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AKG K712/Q701 Yaxi Earpads Review – Mutual Attraction

Pros – 

Greater bass extension and slam, Enhanced vocal body, More coherent imaging, Cleaner background, More comfortable

Cons – 

Reduced vocal extension and clarity, Reduced separation, Narrower soundstage

Verdict – 

 


Introduction –

Japanese earpad manufacturer Yaxi have impressed time and again. Utilising the hard-wearing, supple Alcantara as their flagship material, this earpad manufacturer proves that aftermarket earpads can provide not only an alternative but an upgrade to stock units. Their latest pads is for the AKG K712/Q701, one of the most popular midrange open-back headphones alongside staples such as the Sennheiser HD650. It is a reasonably comfortable headphone with a reference-orientated sound. Out of the box, I was surprised by its excellent imaging performance and clarity. However, though tuned to be linear, this headphone leans, to my ear, towards brightness. It has a prominent middle-treble and lack bass depth and warmth. Yaxi seeks to append this with their Alcantara earpads that offer a different flavour of sound in addition to revised ergonomics. The pads are available for $59 USD on Yaxi’s website here.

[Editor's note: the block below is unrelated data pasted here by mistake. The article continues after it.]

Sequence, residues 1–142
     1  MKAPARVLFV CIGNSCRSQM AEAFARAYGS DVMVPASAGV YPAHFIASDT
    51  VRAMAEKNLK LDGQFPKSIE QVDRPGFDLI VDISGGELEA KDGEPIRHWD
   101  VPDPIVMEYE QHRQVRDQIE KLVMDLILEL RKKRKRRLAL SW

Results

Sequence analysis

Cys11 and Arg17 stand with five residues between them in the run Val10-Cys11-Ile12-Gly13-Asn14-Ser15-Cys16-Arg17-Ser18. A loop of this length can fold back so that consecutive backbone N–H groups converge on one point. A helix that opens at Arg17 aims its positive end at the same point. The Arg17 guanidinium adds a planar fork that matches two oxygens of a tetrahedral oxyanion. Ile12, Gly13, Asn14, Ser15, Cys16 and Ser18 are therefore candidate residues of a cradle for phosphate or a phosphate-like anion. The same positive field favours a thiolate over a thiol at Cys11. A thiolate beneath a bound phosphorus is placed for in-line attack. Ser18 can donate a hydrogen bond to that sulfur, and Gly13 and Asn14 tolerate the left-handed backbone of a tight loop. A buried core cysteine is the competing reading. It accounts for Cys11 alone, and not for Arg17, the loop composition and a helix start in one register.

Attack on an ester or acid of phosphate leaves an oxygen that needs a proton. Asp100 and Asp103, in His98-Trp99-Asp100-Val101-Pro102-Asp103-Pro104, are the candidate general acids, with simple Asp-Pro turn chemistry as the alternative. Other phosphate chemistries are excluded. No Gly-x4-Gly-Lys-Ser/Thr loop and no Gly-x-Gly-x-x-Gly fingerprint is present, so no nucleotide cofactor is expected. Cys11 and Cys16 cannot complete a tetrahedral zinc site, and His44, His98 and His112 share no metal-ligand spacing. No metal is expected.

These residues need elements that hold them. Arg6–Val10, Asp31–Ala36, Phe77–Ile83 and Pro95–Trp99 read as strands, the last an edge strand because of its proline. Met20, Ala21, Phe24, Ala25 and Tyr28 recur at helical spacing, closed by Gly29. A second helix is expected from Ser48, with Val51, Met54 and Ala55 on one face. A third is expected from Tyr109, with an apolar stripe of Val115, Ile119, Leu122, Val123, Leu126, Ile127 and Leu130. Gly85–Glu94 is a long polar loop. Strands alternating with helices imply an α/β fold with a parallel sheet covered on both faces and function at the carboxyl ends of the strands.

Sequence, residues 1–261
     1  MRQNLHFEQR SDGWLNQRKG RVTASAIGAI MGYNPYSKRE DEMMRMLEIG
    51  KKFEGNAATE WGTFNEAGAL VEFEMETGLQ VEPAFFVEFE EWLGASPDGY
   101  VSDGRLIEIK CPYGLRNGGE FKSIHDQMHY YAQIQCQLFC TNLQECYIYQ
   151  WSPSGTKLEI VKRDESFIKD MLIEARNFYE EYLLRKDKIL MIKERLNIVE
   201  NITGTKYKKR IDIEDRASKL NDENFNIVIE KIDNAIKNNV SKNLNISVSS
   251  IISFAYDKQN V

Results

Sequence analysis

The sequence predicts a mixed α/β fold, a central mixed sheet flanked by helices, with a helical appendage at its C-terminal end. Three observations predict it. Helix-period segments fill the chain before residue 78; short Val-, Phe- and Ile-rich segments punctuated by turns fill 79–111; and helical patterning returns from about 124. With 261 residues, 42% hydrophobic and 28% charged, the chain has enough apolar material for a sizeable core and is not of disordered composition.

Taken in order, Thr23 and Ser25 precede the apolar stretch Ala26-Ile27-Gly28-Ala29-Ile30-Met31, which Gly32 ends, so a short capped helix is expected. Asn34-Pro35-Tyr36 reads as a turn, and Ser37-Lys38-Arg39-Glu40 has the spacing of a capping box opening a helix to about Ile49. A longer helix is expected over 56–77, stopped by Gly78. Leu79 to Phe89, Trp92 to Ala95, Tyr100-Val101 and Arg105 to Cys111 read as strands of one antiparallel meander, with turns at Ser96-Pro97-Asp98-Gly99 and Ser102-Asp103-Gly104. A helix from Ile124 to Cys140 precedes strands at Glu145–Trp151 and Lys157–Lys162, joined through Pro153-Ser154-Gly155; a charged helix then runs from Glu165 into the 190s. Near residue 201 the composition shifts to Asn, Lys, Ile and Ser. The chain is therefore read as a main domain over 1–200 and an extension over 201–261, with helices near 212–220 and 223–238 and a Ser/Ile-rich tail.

Disclaimer – 

I would like to thank Yaxi very much for their quick communication and for providing me with the K712 pads for the purpose of review. All words are my own and there is no monetary incentive for a positive review. Despite receiving the earpads free of cost, I will attempt to be as objective as possible in my evaluation.

 

Design –

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The Yaxi pads lock into the factory mounts with the same affirmation as the stock units. Even from at a glance, the build quality and design of the Yaxi pads are superior. The firm padding and synthetic fabric of the originals feel thoroughly unforgiving in light of the Yaxi’s plush memory foam and opulent Alcantara construction that is ever easier on the ears. However, due to their softer filling, the earpads do feel shallower than the originals.

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The shaping of the pads also aids ergonomics. The heat-activated memory foam in the Yaxi pads conforms significantly better to the head, producing better long term comfort and minimizing the formation of hotspots. In addition, the flatter surface of the pads spreads clamp force over a larger surface area. These factors culminate to provide a substantially more comfortable experience with the Yaxi pads.

 

Sound –

Tonality –